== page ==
Panaji, Nov 5 (IANS) Tourists visiting Parra, a picturesque village in North Goa, best known for being the ancestral village of former Defence Minister – late Manohar Parrikar – will now be charged for taking photographs of the coconut palm-lined scenic landscape which is often featured in Bollywood films.
The imposition of a fee on tourists taking a single photograph ranges from Rs 100 to Rs 500, in the guise of a ‘Swachhta tax’ by the Parra village panchayat, has been severely criticised by tourism industry stakeholders, who want the “unfair” trend to be “nipped in the bud”.
Signages of the village panchayat notice which reads, “Swachhta tax/Mission Clean Parra Tax will be levied on all film shoots, photo shoots, etc. Tax will vary from individuals and commercials” went viral on Tuesday, after tourists were made to shell out Rs 100 to Rs 500, for taking amateur photographs at a coconut tree-lined road, which has been popularised in several Bollywood films like ‘Dear Zindagi’ and international films.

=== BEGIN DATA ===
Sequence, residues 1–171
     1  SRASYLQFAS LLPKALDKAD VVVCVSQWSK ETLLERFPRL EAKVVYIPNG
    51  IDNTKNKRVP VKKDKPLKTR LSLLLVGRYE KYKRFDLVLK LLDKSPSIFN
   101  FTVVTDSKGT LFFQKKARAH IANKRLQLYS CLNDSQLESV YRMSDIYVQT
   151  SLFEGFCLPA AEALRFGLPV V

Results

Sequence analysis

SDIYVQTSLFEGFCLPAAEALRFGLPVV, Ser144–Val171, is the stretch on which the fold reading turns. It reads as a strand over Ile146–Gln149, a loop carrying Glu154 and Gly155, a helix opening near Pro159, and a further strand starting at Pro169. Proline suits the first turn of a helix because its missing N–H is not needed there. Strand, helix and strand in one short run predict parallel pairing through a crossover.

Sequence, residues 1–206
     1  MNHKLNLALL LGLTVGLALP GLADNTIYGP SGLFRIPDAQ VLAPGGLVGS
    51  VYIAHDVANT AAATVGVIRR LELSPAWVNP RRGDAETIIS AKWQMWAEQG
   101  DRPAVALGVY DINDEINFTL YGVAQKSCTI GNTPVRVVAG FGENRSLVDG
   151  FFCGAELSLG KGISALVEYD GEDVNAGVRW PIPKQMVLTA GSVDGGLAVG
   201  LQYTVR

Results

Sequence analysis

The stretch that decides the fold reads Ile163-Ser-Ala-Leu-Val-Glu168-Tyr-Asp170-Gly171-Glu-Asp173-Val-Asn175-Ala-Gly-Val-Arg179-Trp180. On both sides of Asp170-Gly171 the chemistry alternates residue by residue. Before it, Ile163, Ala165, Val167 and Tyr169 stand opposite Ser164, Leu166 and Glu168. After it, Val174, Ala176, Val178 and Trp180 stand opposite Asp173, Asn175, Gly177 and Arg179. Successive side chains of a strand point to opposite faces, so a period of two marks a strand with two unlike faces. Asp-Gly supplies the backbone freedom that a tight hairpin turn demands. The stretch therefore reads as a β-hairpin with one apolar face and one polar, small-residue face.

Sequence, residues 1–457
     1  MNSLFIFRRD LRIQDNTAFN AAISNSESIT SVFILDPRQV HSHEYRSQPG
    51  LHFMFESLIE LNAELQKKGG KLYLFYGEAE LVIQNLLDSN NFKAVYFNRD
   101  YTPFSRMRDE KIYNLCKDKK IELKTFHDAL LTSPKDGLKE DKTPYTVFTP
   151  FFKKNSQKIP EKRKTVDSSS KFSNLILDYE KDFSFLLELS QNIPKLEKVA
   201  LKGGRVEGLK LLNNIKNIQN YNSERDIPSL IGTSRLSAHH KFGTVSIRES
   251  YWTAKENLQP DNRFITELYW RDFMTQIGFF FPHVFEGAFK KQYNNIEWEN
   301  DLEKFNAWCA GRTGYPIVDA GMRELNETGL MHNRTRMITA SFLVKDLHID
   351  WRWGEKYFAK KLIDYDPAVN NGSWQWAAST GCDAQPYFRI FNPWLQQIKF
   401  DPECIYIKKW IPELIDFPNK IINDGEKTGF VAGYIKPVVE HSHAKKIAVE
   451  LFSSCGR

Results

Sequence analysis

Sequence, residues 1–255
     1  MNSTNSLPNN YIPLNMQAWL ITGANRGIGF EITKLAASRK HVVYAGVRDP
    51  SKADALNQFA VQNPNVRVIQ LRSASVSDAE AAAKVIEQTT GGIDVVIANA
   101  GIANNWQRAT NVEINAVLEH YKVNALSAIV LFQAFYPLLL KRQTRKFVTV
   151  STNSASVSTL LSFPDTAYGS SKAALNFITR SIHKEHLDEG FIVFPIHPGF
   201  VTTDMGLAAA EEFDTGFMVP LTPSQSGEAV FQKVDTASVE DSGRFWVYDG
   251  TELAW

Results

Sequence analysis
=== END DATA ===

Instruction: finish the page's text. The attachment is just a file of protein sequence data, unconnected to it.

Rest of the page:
“This is a really poor trend because of which tourists will be harassed. It has to be nipped in the bud, before other villages emulate such a tax,” president of the Travel and Tourism Association of Goa Savio Messias told IANS.
The trend went viral after a villager, Paul Fernandes, uploaded a video of a tourist who was charged Rs 500 for taking a single photo of his friend in Parra.
“Village panchayat officials made the tourist pay Rs 500 for taking a single photograph along the scenic road. They even gave him a receipt for the tax. This is something seriously wrong, which will deter tourists from coming to Goa,” Fernandes said.
Former sarpanch of Parra Benedict D’Souza also slammed the trend.
“This road features in Bollywood and Hollywood films. It is wrong on the part of the panchayat to charge a fee for a photo. It is God-given nature. If it is a commercial shoot, the panchayat can charge. But such a tax should not be levied on amateur tourists,” D’Souza said.
Parra village sarpanch Delilah Lobo said that tourists create a mess on the coconut-lined road.
“The tax has been levied to cut down on the nuisance created by tourists who use the road. They park their cars in the middle of the scenic road and take photos. There are traffic jams because of it,” Lobo said.
“Indian mentality only understands fines. Therefore we have imposed a fine to cut down on this nuisance caused by tourists,” she said.